Genetic characterization and selective breeding of the Philippine green mussel, Perna viridis
Mussel farmers rely on natural collection of broodstock and seed available in the wild. However, the variable nature of spat settlement, unreliable supply of wild spat, and occurrence of diseases can lead to problems in production. A selective breeding program must therefore accompany any hatchery operation geared towards improvement of broodstock and improved culture performance of spats.
The selective breeding program for the Philippine green mussel, which, is being developed, uses broodstock from Samar, Palawan, Bataan, and Capiz. These sites were identified to produce high quality mussels in terms of condition index, meat yield, growth rate, and production, among other characteristics. Samples from all visited sites are characterized using COI, ITS, and 18s genes to determine the genetic divergence of mussels in the Philippines. Microsatellite markers are used to track parentage among the spats produced from the selected broodstock. This will confirm inheritance of desired characteristics from the parent stock.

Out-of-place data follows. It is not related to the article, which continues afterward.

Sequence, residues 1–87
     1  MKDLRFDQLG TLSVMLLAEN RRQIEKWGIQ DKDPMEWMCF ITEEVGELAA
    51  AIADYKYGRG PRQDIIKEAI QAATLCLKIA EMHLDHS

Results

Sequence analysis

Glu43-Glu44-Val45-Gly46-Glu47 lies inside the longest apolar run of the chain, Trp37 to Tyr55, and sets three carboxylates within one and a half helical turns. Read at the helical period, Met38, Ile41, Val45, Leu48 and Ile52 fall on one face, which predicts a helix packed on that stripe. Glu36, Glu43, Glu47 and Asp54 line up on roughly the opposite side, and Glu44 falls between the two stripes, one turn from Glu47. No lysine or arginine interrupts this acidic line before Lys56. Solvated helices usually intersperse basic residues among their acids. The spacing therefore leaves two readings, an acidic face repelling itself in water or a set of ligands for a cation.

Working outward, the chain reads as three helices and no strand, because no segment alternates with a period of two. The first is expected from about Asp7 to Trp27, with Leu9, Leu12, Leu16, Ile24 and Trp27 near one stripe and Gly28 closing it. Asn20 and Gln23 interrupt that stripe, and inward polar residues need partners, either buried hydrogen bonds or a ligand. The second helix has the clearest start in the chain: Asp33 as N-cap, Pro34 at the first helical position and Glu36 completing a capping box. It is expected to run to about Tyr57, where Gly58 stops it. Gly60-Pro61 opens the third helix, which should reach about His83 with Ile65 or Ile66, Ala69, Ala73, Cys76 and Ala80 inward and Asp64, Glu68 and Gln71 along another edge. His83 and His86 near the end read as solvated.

The project aims to identify molecular markers that will be used to recognize strains/varieties/populations to serve as source of broodstock for selective breeding.
Dr. Philip Ian Padilla
College of Arts and Sciences
University of the Philippines Visayas (UPV)
- Readily available seeds for grow-out
- Improved quality and culture performance of mussel
- Mussel farmers
- Fisheries planner
- Policy makers
- Negros Occidental
- Metro Manila
- National Institute of Molecular Biology and Biotechnology (NIMBB), University of the Philippines Visayas, Miagao, Iloilo.
Refinement of broodstock maintenance, spawning, larval and spat rearing technologies for sustained seed production of the green mussel (Perna viridis)
The Philippine green mussel hatchery developed by the UP Visayas researchers is patterned (with slight modification) to the shellfish hatchery in Australia, New Zealand, and Japan.